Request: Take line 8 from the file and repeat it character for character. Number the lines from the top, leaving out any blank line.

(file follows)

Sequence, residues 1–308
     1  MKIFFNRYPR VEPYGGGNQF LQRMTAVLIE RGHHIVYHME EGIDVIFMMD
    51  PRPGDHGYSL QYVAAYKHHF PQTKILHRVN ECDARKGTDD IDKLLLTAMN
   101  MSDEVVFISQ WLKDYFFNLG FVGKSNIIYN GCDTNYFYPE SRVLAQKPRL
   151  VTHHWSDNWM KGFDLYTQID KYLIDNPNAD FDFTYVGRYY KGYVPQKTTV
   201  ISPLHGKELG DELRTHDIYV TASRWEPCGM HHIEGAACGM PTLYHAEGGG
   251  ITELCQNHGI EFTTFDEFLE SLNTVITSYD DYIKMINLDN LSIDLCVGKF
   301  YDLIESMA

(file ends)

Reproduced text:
   301  YDLIESMA